Public Lands Council: 2011 legislative conference underway
April 1, 2011
WASHINGTON – The Public Lands Council (PLC) kicked off its annual legislative conference March 28, 2011, in Washington, D.C. In addition to meeting with their U.S. representatives and senators about a variety of issues affecting public lands ranchers, PLC members will hear from administration officials and other multiple-use industry representatives. PLC President John Falen said PLC members will focus on issues like the Department of the Interior’s Secretarial Order 3310 (the Order) regarding wild lands designations that pose a serious threat to the sustainability of public lands ranching across the Western U.S.
“Leaders within our industry took time away from their operations to make their voices heard in Washington, D.C., this week. The wild lands order will have far-reaching negative effects not only on multiple-use activities like livestock grazing, but also on the communities relying on a thriving livestock industry,” Falen said. “We’re here to tell the administration how this severely flawed proposal would impact our livelihoods and to urge members of Congress to oppose the Order.”
First thing Monday morning, PLC members passed an interim policy resolution to oppose the Order and call for its repeal.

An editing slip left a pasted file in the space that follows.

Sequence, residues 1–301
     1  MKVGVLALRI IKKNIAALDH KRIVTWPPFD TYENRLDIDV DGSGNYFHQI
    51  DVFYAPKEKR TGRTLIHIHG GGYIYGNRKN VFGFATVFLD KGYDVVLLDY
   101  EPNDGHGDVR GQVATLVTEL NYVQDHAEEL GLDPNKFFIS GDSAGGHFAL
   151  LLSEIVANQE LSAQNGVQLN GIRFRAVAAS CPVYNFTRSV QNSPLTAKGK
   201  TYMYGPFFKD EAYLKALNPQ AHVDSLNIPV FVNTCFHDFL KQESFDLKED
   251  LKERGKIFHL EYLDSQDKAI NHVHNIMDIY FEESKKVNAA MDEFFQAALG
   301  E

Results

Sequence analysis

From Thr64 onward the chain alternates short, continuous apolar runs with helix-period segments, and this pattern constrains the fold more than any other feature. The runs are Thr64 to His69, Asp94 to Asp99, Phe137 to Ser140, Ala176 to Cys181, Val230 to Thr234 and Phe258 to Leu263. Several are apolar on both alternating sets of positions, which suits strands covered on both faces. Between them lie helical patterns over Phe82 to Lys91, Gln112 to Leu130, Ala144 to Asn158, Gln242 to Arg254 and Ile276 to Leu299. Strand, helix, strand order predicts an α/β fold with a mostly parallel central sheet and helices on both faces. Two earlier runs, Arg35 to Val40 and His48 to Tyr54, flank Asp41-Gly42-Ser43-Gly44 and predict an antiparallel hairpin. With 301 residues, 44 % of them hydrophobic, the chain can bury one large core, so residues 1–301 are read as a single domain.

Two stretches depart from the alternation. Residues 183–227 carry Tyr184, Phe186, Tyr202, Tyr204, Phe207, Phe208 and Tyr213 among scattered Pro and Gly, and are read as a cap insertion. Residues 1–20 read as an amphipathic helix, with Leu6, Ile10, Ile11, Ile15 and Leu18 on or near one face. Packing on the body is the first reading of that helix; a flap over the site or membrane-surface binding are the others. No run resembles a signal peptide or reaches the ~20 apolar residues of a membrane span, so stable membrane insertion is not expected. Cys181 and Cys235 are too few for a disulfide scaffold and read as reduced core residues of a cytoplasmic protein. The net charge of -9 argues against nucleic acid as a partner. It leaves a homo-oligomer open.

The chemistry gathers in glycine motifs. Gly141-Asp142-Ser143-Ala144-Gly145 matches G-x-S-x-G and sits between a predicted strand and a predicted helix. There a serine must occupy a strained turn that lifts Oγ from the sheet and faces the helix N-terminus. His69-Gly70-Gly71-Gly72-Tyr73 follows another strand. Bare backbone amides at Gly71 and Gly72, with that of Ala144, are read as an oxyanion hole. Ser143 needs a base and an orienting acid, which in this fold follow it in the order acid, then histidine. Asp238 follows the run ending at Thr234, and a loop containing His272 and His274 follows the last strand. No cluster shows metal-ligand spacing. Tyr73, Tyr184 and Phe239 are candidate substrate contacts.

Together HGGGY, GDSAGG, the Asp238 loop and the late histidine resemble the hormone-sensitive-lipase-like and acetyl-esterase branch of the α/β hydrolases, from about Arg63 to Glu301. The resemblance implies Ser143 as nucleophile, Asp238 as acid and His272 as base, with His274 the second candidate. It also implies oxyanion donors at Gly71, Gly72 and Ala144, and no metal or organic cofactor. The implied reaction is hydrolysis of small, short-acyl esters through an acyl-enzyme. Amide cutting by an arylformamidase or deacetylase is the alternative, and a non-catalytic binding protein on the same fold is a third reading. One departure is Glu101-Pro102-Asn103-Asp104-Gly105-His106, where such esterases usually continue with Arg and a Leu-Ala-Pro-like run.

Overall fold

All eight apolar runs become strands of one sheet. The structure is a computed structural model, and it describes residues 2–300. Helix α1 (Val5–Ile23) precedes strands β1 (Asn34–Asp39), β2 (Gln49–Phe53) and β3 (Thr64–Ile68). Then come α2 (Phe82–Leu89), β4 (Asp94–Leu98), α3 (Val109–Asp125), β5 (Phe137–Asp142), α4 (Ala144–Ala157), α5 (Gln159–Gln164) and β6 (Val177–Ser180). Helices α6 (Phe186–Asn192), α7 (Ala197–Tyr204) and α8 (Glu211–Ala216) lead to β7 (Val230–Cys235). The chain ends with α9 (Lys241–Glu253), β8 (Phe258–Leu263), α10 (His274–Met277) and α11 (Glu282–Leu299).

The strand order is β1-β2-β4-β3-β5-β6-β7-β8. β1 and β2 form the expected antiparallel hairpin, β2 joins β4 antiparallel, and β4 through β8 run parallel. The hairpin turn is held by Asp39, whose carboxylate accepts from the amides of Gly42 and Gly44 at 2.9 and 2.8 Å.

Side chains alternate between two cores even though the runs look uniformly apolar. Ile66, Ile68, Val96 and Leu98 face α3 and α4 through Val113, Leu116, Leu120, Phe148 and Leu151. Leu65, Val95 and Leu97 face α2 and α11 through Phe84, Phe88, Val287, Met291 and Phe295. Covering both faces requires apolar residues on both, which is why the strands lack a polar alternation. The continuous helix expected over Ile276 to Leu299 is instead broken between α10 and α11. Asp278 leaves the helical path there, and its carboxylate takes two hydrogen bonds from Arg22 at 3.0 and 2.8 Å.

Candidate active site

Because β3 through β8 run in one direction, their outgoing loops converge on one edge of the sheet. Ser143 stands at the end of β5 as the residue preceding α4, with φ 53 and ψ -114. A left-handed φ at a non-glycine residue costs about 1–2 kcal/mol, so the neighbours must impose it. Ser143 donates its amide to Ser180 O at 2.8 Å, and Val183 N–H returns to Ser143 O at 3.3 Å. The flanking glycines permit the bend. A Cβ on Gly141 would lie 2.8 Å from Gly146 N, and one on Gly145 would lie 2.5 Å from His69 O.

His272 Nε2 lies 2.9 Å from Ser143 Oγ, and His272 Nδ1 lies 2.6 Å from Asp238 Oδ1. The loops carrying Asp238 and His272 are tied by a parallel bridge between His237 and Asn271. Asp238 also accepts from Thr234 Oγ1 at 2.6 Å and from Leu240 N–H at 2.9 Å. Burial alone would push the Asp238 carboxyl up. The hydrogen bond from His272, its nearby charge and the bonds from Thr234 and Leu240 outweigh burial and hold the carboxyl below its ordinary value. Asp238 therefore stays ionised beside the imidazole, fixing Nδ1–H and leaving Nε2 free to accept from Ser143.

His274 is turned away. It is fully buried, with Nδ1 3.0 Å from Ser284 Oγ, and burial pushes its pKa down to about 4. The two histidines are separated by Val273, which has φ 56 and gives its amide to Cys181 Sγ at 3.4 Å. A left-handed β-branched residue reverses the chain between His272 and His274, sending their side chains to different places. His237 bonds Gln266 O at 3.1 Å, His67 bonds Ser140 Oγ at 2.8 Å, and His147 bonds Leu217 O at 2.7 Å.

While the Order will continue to be a major topic of discussion during the PLC legislative conference, it is not the only issue PLC members will focus during the week. Falen said they will share concerns regarding the U.S. Forest Service’s draft planning rule and regarding Secretary of the Interior Ken Salazar’s draft management plan for the wild horse and burro program. PLC members will also urge members of Congress to reform the Equal Access to Justice Act and to support legislation to bring transparency to the national monument designation process.
“Officials in this administration and leaders on Capitol Hill sometimes need a reminder that in addition to caring for our livestock, public lands ranchers also manage natural resources for the public, provide wildlife habitat on the land and manage noxious weeds and wildfire risks,” Falen said. “It is important for us to tell our story and work to improve conditions in our industry to ensure future generations are able to make a living raising livestock across the West.”